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Argonne and Partners Help Biorefineries Compete With Oil Refineries


Argonne researchers are partnering with industry and other national laboratories to develop biorefineries that compete economically with oil refineries.

One of the world's most touted bioproducts is ethanol. Its production is increasing by 20 percent annually, and last year the nation produced 4 billion gallons.

"Making ethanol is already half as cheap as making gasoline," explained Seth Snyder, a biochemical engineer and the leader of the Chemical and Biotechnology Section in Argonne's Energy Systems Division. "Researchers at Argonne and around the nation are investigating ways to create new bioproducts that can compete with petrochemicals on cost and performance."

Argonne is one of five U.S. Department of Energy (DOE) laboratories working to replace 30 percent of today's motor fuel with alternative biofuels by 2030. Called the National Bioenergy Center, the team includes Idaho, Oak Ridge and Pacific Northwest national laboratories and the National Renewable Energy Laboratory.

"Researchers and industry see developing alternative processes to replace the country's reliance on foreign oil as filling a national need," he said. "It is not just the price of gas we are concerned about, but the overall costs of petroleum products. As oil prices rise, so do all petroleum-based products, including paint, plastic and carpets."

Products traditionally made from oil can be made from plants and trees, but the processes need to be developed to make their products price-competitive with petroleum-based products.

Argonne is working with Archer Daniels Midland Company (ADM) to optimize a separative bioreactor, developed by Snyder's group, that converts sugar from corn into chemicals. R&D magazine named the technology one of this year's top R&D products. This research is supported jointly by the U.S. Dept. of Energy's Office of the Biomass Program and ADM.

The Argonne-ADM effort currently focuses on demonstrating the fermentation of gluconic acid on a commercial scale. "Gluconic acid is one of many bioproducts from biomass," Snyder said. "We have to work through the processes one by one to build up an inventory to compete with petrochemical processing. We chose to start with gluconic acid because we are familiar with its processes."

Gluconic acid is produced by fermenting glucose, a type of sugar. This reaction has been known for more than 100 years. During fermentation, gluconic acid builds up until its acidity blocks the fermentation enzyme. The acidity can be chemically neutralized, but the extra treatment raises costs and generates waste.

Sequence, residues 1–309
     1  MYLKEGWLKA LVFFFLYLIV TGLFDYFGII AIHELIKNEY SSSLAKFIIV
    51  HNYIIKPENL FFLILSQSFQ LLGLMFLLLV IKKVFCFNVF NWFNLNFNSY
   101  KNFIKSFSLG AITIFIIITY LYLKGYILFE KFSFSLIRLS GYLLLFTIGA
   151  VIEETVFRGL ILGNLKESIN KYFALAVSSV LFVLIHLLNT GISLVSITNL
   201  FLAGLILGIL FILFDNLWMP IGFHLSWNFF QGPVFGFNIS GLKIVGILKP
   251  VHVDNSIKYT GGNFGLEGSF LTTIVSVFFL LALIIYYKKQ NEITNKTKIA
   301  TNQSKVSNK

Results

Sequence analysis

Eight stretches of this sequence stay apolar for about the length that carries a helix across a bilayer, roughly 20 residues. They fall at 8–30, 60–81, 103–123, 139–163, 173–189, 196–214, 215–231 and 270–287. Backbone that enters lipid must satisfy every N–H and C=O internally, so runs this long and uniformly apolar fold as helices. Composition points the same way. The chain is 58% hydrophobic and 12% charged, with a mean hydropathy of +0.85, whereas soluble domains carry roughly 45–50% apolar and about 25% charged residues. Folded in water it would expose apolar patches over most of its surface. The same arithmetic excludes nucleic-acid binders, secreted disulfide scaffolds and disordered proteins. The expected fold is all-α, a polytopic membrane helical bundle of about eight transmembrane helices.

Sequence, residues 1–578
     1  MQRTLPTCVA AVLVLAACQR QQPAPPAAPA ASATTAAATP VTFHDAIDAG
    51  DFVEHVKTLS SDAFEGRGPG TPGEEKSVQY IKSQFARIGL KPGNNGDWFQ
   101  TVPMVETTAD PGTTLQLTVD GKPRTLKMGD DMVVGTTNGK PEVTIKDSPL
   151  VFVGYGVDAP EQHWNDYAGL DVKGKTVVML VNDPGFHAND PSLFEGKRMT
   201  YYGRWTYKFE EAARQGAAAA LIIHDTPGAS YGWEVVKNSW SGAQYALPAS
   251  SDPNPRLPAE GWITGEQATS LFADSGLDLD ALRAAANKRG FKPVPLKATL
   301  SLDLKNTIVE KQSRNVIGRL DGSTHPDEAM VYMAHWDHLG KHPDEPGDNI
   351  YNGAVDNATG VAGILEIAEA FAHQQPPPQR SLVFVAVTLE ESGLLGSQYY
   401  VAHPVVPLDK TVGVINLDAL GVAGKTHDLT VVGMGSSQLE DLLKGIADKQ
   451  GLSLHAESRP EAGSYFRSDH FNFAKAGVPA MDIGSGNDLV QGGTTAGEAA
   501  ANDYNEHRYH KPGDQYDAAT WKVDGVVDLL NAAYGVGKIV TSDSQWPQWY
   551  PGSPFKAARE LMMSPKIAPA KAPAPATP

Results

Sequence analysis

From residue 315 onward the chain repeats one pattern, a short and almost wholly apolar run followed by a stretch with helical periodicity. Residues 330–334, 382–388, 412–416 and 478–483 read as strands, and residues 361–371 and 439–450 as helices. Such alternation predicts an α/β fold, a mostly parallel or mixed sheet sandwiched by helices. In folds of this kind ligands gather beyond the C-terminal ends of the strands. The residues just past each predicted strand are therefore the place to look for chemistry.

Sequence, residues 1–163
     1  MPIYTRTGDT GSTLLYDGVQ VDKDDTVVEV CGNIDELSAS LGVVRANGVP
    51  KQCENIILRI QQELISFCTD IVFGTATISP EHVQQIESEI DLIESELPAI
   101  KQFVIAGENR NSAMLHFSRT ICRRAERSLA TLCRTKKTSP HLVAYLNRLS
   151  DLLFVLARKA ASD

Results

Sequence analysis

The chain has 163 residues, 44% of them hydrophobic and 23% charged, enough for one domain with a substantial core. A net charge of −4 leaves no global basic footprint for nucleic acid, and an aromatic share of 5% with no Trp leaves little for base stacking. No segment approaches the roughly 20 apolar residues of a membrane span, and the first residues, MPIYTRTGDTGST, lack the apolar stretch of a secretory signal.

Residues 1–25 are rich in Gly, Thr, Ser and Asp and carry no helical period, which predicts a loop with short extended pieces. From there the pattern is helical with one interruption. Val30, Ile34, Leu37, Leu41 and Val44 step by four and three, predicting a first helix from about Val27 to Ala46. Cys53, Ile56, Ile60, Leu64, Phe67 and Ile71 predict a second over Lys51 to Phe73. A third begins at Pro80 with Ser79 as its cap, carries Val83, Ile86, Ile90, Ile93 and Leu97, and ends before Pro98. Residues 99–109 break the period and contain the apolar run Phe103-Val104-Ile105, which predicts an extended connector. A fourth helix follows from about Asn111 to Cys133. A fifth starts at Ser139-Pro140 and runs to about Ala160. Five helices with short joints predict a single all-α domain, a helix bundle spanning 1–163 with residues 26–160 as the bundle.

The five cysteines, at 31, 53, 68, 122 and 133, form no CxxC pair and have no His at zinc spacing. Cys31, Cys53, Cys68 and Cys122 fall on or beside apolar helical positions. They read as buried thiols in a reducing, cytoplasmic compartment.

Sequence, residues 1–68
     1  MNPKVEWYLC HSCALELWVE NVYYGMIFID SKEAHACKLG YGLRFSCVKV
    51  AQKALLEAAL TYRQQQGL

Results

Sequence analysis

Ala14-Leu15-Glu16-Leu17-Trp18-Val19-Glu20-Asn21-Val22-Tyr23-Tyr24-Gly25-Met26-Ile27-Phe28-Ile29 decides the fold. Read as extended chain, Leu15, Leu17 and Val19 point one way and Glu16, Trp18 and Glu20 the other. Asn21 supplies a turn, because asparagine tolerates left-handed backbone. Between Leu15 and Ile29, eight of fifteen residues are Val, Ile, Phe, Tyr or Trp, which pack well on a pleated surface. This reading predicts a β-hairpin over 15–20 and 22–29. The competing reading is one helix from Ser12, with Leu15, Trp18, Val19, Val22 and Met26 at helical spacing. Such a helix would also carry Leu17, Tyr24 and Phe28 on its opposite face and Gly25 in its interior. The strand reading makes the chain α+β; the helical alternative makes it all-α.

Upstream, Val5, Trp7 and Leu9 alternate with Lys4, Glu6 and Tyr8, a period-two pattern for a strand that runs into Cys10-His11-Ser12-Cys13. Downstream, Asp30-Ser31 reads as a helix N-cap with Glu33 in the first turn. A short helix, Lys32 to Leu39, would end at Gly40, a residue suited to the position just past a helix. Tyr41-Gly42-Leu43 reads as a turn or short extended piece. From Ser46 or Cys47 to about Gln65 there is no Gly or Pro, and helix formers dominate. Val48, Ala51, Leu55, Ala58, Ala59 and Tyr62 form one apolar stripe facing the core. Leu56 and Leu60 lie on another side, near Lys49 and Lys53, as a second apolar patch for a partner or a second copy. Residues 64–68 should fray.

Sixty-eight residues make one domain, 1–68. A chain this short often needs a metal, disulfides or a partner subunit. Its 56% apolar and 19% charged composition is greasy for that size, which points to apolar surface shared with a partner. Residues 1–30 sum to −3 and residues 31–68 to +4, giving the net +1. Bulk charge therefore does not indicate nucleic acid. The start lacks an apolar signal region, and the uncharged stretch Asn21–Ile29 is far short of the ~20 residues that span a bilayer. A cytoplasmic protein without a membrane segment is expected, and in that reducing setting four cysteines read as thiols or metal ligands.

Argonne's separative bioreactor uses a process called "electrodeionization" to overcome this problem without the need for additional chemical treatments. Electrodeionization uses small amounts of electricity and Argonne's resin wafer stack to remove gluconic acid from the solution as it is produced. YuPo J. Lin, the chemical engineer leading this project, says that "with the acid removed, the enzyme will continue to convert glucose to gluconic acid."

In a related project, Argonne is partnering with BP Chemicals to produce acetic acid by fermentation of biomass. The U.S. currently uses about 5 billion pounds per year of acetic acid, to make everything from plastics used in water bottles to paints. In research supported by DOE's Industrial Technologies Program and BP, Argonne is developing technology to produce acetic acid from a kind of biogas. The current technology requires expensive natural gas.

Argonne believes that a similar biogas strategy could also be used to produce ethanol directly. In parallel projects, Argonne is developing microorganisms and chemical catalysts to convert the gas to ethanol. At the same time, Argonne is working on new ways to recover the ethanol from the fermentation broth.

The poplar plan

"But in the long run, we'll have to move beyond corn as a feedstock," Snyder said, "if bioprocessing is to compete with petroprocessing." Possible new biofeedstocks include forest products, agricultural fodder-such as corn cobs and husks-and fast-growing grasses.

Argonne researchers are using their expertise in engineering trees for environmental cleanup to develop more possible sources for bioprocessing. Argonne's Cristina Negri is expanding her study of poplar trees to determine if they can be engineered to grow in dry areas. "Trees and plants that can grow in marginal areas will add to the biofeedstock without using land that is better suited to growing food crops," Snyder explained.

Argonne's effort cuts across scientific disciplines. Snyder's group plans to work with Argonne computer scientists to explore how genomics and systems biology can improve bioprocesses and the crops that will be used to produce bioenergy and bioproducts. The buzz about ethanol has escalated this year, along with the price of gasoline, but Argonne has been studying ethanol for decades. The laboratory served as the cold weather test site for ethanol-fueled vehicles in the 1980s and 1990s. Environmental engineers and economists are determining the full-cycle energy costs of ethanol and many other alternative fuels and technologies. DOE uses GREET, a life-cycle analysis program developed by Argonne's Michael Wang, to help guide decisions in ethanol research.





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